The design of the pack within the sleeve also determines how easy - or tricky - online coding will be. It is straightforward enough to apply best before dates and traceability codes to a four-pack of yogurts or a sleeve wrapped around a rectangular tray that is being transported past the coder via a conveyor with a good guide rail. However, with more awkwardly shaped packs, the chances of the feeding system presenting the pack and sleeve squarely to the coder can be slim. Conical sundae-style containers, for example, are inherently unstable and can easily topple over on a conveyor belt. 

Pre-made pouch problems
The rise of the doy style stand-up pouch for applications ranging from dishwasher tablets to snacks and soups has presented some serious challenges for the coding operation. Some of the more structured pouch designs are not so easy to produce on a form, fill, seal machine, so for small to medium volumes, producers are buying in pre-made pouches. The downside of this is that a thermal transfer printer cannot easily be employed to print on the formed pack. There is not always an opportunity to code the pouch online before it is filled and thermal transfer printers struggle to print on anything other than flat film. 

Continuous Inkjet (CIJ) is therefore a more common technology for this application. But whilst CIJ is ideal for printing small amounts of information, such as use by dates, producers are increasingly looking to overprint large amounts of information. Overprinting information such as product names, nutritional information and ingredient lists allows them to limit their stock of pre-printed packaging film, as the same film can be used for different SKUs and geographical markets. 

In this scenario, thermal transfer is really the only technology that is capable of wide format, on-demand printing of fine text. 

To this end, Rotech has developed the RF1, a standalone vacuum feed overprinting system that has been engineered specifically for pouches, bags and other otherwise awkward to feed products. By using a thermal printer with a print width of up to 128mm and printing continuously, a very large print area of almost any length can be accommodated.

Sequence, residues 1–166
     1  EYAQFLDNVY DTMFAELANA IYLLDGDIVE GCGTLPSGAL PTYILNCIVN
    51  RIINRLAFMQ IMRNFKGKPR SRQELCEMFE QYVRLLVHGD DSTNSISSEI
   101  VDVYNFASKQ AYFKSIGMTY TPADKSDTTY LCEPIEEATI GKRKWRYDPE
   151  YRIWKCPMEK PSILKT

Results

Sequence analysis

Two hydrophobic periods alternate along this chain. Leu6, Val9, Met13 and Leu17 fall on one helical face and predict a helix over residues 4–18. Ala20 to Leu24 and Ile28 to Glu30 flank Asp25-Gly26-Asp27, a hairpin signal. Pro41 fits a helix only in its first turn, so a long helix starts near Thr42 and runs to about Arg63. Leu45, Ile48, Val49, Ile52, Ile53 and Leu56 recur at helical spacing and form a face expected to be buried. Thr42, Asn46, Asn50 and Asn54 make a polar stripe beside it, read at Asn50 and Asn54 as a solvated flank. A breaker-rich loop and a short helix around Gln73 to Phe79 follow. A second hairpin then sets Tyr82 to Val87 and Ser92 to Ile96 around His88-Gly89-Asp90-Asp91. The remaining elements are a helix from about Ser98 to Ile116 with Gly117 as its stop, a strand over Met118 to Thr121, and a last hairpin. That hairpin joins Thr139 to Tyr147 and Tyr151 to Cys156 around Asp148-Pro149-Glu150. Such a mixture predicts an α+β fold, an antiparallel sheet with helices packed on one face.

Pharmaceutical carton coding
Some people automatically assume that offline coding is for smaller producers with largely manual operations. In fact, the hi-tech, high speed pharmaceutical industry is one of the biggest users of offline coders, particularly for coding crash-lock cartons and end flaps of cartons.

Pharmaceutical cartons are usually coded on the end flap. However, potential for mis-codes arises when the closed end flap bulges, presenting a convex surface to the printer. Offline coding has the benefit of being able to present the pack to the coding device in flat form with the print area readily accessible. 

Crash-lock cartons, used widely by pharmaceutical manufacturers as secondary packaging, are another problem format for online coders. Applying a code to the top of a crash-lock carton may require special machinery parts to hold the flap still. Furthermore, it seldom makes sense to code crash-lock cartons online, as they are designed to be erected and closed by hand. Coding online in an otherwise manual operation involves adding automation in the form of a coder mounted on a dedicated conveyor belt just to apply the code. This set-up not only incurs expense but also makes accurate code placement tricky.

On the face of it, online coding may seem to be the logical way to mark a pack, but in reality, online doesn’t always equal better efficiency. If the design of the pack precludes reliable online coding, chances are that offline will prove more consistent, flexible and economical.